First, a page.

Running and walking not only requires strong legs but also a strong core and a strong upper body. Your posture affects your running and walking form. Bad posture can lead to increased energy expenditure while you are running or walking, which will cause fatigue to set in sooner. A strong core and upper body will keep you upright while you navigate the obstacles you encounter on the road or the trail.

Strength training can help improve control, coordination, and stability, which can improve the quality of your running and walking.  Strength training can help increase your push off every time your foot leaves the ground and can improve your posture.  It can also improve your body mechanics.  The more efficiently your body moves, the stronger your running and walking will become. Efficient body mechanics can allow your body to run or walk longer, faster, and with more stability and less pain.  And here’s fact many people who don’t regularly strength train may not know: muscles mass helps you burn calories faster.  It’s true!

So, what kind of strength training should you do? You can start with basic core exercise such as planks. However, starting strength training without the benefit of a trainer requires you to be personally diligent about your form. Try to workout in front of a mirror, if you can, to make sure you are getting the most out of your exercises. If you google “Yoga for Strength Training” you will find several poses in addition to the plank that will help you strengthen your whole body.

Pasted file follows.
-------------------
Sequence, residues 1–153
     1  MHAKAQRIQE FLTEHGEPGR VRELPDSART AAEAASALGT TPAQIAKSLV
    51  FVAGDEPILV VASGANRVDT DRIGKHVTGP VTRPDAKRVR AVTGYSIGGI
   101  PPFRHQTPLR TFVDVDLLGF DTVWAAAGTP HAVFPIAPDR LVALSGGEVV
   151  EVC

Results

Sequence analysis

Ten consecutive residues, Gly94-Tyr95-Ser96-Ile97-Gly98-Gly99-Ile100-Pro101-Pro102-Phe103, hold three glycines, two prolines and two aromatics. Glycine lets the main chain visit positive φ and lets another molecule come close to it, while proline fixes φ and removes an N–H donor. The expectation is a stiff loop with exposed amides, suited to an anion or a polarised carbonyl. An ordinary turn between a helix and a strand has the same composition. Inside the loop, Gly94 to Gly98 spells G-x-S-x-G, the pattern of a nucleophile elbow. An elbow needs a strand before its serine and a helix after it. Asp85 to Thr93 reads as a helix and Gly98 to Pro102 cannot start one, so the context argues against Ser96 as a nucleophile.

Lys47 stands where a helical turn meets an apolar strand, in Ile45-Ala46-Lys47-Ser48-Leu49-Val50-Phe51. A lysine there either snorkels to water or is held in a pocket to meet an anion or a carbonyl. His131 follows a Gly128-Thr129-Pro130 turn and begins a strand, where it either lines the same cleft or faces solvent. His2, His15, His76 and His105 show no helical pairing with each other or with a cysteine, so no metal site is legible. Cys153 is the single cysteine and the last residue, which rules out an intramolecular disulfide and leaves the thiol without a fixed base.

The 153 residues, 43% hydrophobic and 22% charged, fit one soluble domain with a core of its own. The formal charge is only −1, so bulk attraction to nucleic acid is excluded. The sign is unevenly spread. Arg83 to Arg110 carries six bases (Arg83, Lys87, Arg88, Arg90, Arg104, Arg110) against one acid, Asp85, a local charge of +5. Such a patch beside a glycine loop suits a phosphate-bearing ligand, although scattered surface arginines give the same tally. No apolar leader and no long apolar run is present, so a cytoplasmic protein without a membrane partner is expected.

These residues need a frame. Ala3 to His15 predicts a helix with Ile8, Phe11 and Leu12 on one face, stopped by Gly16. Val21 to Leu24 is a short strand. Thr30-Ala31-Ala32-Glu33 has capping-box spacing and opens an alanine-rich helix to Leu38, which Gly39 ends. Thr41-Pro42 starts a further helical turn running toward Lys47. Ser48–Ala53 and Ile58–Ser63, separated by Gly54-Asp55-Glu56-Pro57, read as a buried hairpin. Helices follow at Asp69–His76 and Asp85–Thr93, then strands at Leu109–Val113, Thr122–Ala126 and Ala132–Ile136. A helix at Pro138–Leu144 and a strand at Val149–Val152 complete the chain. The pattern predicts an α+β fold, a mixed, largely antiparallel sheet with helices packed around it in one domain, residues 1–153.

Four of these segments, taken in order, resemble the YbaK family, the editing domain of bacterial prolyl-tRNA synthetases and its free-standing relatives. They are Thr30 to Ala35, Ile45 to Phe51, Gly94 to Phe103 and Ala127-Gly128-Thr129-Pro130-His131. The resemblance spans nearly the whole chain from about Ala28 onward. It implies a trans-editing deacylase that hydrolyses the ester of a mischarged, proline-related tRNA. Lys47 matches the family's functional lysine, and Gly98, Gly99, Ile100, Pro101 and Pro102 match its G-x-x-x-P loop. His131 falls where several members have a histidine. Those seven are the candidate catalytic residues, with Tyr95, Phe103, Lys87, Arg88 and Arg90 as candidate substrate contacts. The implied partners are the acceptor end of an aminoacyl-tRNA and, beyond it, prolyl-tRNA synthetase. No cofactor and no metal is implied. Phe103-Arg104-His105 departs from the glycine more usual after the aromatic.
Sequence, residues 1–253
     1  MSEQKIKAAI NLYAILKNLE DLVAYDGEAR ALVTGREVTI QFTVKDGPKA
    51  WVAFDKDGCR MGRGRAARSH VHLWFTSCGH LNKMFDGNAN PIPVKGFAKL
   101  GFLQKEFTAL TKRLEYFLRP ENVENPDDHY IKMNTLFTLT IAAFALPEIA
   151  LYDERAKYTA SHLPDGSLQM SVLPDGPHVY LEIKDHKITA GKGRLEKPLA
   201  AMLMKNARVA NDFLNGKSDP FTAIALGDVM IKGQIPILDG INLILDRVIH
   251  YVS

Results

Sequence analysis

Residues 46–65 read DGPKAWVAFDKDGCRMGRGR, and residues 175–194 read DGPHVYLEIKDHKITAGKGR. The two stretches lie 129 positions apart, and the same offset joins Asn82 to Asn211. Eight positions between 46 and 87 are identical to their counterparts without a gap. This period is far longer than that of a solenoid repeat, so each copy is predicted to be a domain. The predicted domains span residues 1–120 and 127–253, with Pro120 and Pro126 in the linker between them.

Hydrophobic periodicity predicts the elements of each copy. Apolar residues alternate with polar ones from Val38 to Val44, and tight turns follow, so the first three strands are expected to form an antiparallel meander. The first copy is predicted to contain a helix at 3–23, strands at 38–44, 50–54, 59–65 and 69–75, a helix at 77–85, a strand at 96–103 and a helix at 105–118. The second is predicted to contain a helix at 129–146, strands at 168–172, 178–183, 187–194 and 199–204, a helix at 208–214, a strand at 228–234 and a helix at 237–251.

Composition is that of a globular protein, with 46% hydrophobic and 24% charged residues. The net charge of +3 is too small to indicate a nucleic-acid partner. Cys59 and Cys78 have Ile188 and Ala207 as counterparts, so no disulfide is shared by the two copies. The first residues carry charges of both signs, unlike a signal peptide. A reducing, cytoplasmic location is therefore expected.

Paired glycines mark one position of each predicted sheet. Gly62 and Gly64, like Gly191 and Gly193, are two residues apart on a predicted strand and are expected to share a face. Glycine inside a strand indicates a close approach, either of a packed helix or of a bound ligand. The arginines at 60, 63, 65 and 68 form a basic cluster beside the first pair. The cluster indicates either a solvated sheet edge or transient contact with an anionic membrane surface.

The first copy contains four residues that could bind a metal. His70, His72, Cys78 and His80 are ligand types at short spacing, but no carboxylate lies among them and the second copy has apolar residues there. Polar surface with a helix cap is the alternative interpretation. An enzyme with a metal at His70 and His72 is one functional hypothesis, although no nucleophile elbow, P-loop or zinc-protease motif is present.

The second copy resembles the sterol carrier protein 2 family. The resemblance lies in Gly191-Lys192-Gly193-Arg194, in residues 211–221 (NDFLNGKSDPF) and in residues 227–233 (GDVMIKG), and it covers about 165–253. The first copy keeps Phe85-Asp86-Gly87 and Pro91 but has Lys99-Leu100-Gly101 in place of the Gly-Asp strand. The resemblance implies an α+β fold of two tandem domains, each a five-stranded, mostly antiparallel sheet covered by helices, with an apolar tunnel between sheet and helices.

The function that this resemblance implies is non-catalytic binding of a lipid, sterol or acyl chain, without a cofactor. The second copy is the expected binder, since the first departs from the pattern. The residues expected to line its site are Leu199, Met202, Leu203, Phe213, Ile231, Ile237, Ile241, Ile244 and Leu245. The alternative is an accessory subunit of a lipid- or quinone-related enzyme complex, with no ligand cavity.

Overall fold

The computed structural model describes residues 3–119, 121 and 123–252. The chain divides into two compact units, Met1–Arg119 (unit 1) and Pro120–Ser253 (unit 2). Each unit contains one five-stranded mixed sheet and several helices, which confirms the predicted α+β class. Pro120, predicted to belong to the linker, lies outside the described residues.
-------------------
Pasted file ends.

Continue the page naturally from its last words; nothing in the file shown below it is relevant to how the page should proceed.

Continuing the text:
Personally, I am a big fan of Crossfit. However, during the shelter-in-place, crossfit may not be an option for you. And it requires you to find a crossfit gym that accommodates your personal needs, which not all do. However, I recently came across a community that offers live virtual workouts with a well-rounded offering of strength training exercises that can be done at home with little or no equipment. These workouts are suitable for people at almost all levels of physical fitness. Why join a live workout instead of one of the many pre-recorded options that are available these days? The accountability that a community offers not only helps you show up for yourself more regularly, it’s great for that fostering that feeling of “being with others”, just like our daily virtual walks do. Check out the She Shines group on Facebook at https://www.facebook.com/groups/602969703098662/ for more information. And for those of you who don’t do Facebook, you can contact Raquel directly at raquel@raquelbarrios.com. Be sure to tell her I sent you and she will offer you a free trial period so you can determine if her workouts are good fit for you. Many of you are trying new options these days as the quarantine has forced us all to be creative. Please let me know what solutions you have found to stay fit.

Social Distancing from the Fridge